Protein Phylogenetic Analysis of Ca2+/cation Antiporters and Insights into their Evolution in Plants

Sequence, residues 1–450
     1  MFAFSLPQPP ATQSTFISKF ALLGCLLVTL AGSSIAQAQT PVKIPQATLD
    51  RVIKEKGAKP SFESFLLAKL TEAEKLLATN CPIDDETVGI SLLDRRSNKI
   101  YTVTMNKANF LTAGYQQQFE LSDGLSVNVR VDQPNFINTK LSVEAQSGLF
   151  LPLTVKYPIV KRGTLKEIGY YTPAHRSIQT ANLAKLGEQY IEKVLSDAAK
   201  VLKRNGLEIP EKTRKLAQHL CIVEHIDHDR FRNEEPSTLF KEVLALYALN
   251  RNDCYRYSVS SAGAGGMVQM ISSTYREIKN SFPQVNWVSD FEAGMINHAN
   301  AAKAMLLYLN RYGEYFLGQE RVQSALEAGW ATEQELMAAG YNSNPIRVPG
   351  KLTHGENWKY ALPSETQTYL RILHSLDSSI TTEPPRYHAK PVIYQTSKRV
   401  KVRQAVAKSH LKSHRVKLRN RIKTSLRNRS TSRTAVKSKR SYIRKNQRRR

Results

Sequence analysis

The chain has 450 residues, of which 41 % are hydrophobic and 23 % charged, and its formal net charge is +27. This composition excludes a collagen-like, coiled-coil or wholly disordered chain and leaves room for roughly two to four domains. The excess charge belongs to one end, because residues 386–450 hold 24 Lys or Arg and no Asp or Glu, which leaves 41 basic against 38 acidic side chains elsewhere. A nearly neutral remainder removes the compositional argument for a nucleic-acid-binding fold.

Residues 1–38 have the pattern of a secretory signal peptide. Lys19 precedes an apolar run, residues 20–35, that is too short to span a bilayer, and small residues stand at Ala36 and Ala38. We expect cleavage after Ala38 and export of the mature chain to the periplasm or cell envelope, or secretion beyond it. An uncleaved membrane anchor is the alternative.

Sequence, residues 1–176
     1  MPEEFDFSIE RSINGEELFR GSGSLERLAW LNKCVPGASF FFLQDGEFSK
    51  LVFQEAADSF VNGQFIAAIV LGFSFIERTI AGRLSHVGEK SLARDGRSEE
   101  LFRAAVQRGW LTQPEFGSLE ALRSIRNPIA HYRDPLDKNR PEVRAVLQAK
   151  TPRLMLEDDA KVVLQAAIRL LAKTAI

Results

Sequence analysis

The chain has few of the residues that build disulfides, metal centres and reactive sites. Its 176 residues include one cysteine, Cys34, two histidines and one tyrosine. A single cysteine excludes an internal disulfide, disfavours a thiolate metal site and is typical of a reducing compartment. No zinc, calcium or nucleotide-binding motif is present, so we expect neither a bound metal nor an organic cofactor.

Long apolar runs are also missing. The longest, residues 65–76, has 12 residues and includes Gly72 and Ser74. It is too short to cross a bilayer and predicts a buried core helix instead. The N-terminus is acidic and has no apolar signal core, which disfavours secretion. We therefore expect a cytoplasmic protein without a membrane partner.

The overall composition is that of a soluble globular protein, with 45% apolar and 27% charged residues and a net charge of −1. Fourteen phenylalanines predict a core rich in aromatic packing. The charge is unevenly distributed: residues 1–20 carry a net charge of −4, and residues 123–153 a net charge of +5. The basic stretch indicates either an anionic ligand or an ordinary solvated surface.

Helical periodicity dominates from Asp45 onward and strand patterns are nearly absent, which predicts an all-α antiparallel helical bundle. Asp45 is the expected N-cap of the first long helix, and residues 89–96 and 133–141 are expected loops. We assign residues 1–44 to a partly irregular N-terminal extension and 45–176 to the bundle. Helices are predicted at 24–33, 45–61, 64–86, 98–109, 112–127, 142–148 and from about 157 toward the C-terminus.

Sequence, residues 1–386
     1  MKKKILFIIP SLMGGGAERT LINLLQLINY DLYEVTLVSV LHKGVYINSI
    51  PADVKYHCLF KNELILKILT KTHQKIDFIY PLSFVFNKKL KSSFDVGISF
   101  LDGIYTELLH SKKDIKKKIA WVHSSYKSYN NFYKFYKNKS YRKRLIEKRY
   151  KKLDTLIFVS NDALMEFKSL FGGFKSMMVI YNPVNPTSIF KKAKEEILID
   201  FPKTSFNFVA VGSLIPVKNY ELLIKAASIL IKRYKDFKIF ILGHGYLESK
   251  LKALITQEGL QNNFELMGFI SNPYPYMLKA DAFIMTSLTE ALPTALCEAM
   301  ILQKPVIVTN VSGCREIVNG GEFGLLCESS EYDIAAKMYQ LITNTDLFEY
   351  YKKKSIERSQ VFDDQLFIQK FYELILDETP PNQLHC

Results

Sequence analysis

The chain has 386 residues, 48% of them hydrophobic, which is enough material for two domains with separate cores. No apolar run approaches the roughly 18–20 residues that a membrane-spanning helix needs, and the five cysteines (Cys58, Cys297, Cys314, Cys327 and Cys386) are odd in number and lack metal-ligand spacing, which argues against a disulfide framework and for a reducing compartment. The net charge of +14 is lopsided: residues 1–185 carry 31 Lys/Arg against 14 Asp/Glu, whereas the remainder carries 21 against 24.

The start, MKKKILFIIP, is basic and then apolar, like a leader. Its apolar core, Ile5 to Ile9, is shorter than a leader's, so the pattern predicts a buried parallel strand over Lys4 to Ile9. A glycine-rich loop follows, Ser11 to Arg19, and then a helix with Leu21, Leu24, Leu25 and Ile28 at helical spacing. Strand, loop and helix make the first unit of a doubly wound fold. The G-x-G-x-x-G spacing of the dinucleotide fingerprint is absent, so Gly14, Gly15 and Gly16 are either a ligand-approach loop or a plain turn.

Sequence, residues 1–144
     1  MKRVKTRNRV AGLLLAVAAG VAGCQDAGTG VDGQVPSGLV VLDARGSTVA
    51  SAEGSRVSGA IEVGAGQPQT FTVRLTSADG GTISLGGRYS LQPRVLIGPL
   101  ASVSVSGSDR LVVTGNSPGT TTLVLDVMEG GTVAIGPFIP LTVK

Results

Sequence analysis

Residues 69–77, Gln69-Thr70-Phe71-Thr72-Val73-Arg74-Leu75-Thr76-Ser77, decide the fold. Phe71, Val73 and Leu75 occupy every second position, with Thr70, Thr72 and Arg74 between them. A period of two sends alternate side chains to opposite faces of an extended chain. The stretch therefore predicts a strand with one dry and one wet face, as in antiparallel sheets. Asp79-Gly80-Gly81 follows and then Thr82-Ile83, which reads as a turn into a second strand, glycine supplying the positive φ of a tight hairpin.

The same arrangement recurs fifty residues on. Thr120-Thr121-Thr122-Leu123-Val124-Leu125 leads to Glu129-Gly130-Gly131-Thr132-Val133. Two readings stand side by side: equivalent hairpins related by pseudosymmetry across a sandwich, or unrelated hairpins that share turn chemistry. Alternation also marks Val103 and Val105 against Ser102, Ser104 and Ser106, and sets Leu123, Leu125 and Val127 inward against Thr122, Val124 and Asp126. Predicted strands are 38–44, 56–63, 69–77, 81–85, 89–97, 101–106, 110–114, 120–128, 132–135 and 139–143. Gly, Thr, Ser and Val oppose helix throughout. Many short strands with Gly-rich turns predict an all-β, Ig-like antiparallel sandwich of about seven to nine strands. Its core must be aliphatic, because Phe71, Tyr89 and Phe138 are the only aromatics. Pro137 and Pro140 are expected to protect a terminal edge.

The Na(+)-Ca2+ exchanger contains internal regions of sequence homology known as the alpha repeats. The first region (alpha-1 repeat) includes parts of transmembrane segments (TMSs) 2 and 3 and a linker modeled to be a reentrant loop. To determine the involvement of the reentrant loop and TMS 3 portions of the alpha-1 repeat in exchanger function, we generated a series of mutants and examined ion binding and transport and regulatory properties. Mutations in the reentrant loop did not substantially modify transport properties of the exchanger though the Hill coefficient for Na+ and the rate of Na(+)-dependent inactivation were decreased. Mutations in TMS 3 had more striking effects on exchanger activity. Of mutations at 10 positions, 3 behaved like the wild-type exchanger (V137C, A141C, M144C). Mutants at two other positions expressed no activity (Ser139) or very low activity (Gly138). Six different mutations were made at position 143; only N143D was active, and it displayed wild-type characteristics. The highly specific requirement for an asparagine or aspartate residue at this position may indicate a key role for Asn143 in the transport mechanism. Mutations at residues Ala140 and Ile147 decreased affinity for intracellular Na+, whereas mutations at Phe145 increased Na+ affinity. The cooperativity of Na+ binding was also altered. In no case was Ca2+ affinity changed. TMS 3 may form part of a site that binds Na+ but not Ca2+. We conclude that TMS 3 is involved in Na+ binding and transport, but previously proposed roles for the reentrant loop need to be reevaluated.